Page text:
Nearly two months after an accident claimed her husband’s life, a Minnesota woman has decided to air her concerns. The woman’s husband, who worked for the postal service for many years, was struck and killed by a mail truck in a parking lot at the Brooklyn Park Post Office. As such, she is trying to find out what exactly led to the work-related accident.
Specifically, the former worker’s spouse is taking aim at traffic patterns in the post office’s parking lot. At the time her husband was killed, employees who rode motorcycles to work were forced to cross the path of mail trucks in order to clock in for the day. Unfortunately, her husband was caught off guard while crossing through this path. Were there adequate safety checks in place to protect the safety of workers when the incident occurred?
Witnesses noted that the Minnesota man was struck as a postal truck was backing into a loading dock. The truck’s driver apparently couldn’t see the man. In addition, witnesses noted that the mail trucks don’t have an audible tone to warn that trucks are backing up. Officials from the Occupational Safety and Health Administration have indicated that an investigation into the safety practices at the Brooklyn Park work site is underway.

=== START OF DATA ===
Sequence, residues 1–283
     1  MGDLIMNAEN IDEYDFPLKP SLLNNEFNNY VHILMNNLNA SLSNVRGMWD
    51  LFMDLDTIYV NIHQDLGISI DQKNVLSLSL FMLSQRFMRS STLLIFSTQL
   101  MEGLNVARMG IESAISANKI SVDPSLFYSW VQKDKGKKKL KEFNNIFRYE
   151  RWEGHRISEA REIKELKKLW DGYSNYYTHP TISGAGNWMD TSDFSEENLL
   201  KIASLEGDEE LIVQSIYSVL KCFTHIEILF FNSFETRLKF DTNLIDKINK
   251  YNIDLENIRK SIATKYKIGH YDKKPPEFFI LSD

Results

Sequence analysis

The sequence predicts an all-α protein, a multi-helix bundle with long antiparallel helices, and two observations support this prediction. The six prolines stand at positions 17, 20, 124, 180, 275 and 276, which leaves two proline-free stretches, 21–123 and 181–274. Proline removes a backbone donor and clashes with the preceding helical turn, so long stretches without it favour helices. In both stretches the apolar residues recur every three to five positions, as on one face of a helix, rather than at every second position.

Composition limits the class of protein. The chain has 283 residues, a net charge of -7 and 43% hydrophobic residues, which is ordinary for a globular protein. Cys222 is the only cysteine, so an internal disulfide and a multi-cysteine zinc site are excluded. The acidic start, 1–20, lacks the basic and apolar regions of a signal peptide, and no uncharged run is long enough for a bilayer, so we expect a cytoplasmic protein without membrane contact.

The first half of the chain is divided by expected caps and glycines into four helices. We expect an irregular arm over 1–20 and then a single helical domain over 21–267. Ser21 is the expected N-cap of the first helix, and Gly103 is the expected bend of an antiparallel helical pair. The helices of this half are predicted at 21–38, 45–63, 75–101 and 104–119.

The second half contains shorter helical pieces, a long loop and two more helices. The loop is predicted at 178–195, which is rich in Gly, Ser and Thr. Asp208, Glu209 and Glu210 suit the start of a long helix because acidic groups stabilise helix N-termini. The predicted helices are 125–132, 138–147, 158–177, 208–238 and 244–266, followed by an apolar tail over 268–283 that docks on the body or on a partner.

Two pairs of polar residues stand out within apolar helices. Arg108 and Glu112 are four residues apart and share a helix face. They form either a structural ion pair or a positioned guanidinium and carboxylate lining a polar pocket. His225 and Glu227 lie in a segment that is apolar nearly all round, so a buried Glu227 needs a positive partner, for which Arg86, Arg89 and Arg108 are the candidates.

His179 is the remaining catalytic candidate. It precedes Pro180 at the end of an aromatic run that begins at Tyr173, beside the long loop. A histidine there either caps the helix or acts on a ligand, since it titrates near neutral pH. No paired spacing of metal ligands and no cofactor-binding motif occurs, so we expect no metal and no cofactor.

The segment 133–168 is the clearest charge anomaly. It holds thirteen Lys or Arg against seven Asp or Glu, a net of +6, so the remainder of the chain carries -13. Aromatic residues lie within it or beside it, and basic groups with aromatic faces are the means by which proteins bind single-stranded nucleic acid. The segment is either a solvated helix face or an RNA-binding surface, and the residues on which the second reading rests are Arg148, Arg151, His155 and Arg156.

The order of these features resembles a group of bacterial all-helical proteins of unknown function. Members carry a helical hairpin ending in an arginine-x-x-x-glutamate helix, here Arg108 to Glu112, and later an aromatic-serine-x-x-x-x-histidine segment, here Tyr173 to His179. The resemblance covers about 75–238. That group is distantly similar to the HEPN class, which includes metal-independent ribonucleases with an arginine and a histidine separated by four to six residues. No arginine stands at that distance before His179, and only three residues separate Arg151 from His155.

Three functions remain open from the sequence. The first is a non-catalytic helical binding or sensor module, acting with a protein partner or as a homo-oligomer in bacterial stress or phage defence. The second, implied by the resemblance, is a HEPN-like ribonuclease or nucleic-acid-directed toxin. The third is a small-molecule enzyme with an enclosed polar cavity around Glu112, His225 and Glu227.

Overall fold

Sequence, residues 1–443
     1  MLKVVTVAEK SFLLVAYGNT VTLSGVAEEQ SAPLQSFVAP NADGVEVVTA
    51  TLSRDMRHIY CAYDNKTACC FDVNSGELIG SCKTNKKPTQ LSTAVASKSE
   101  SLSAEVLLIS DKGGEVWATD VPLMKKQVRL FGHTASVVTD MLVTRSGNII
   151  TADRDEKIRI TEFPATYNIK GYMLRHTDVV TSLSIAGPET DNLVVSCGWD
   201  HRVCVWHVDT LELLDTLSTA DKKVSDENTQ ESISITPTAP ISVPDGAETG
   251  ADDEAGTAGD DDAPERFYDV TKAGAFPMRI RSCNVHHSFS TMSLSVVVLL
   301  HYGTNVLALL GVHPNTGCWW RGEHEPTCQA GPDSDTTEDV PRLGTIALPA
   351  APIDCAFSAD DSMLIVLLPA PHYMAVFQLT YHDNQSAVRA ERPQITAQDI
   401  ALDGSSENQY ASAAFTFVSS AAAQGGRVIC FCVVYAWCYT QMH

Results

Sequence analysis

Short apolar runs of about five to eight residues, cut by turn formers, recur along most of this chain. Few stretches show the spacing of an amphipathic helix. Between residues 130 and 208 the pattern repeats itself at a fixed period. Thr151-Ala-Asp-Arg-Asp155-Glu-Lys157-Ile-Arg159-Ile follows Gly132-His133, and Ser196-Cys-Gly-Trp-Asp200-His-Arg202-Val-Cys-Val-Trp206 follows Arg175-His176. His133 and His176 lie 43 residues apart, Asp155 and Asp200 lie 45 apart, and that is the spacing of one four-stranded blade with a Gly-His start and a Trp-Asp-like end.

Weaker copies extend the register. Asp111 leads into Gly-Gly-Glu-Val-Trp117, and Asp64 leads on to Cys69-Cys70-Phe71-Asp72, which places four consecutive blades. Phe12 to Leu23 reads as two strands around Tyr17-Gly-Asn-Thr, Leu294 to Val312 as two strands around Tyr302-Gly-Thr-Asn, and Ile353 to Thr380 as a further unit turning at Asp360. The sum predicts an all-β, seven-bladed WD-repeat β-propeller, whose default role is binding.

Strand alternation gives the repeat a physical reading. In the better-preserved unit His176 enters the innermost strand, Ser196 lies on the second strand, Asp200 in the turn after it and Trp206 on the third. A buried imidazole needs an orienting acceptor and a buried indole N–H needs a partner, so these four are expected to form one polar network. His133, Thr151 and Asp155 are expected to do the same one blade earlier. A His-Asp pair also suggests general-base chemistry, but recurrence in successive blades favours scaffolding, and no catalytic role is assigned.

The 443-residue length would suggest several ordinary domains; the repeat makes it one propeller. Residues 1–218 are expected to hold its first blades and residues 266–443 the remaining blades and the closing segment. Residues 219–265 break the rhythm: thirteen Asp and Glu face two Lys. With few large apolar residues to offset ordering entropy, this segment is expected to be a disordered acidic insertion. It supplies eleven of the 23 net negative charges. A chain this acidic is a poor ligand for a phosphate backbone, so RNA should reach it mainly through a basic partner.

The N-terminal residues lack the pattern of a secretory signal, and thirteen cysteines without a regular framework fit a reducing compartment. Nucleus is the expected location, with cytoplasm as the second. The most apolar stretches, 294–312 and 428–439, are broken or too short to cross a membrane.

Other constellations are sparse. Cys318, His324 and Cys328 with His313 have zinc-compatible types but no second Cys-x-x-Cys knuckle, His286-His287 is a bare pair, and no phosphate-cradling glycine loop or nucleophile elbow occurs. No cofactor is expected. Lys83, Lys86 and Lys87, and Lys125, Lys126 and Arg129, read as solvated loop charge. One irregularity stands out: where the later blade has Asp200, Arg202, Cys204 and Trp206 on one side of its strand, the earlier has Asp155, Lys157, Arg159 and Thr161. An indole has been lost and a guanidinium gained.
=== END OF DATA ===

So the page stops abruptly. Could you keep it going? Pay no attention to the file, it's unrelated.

In many cases, the survivors of workers who pass away on the job are entitled to workers’ compensation benefits. In this case, the postal worker was on his way to punch-in for the day, so there might be questions about whether or not the survivors will be eligible for compensation. At the same time, the accident involved a postal service vehicle and was on the post office’s property, which could be important facts in any subsequent claims for compensation.
If injured workers or their loved ones are denied compensation after a workplace accident, then they may wish to speak to a knowledgeable attorney. Workers’ compensation laws are known to be complex, so sound advice can help bring clarity in a time of confusion.
Source: KSTP News, “Widow Raises Questions After Husband Was Run Over at Work,” Beth McDonough, Aug. 9, 2013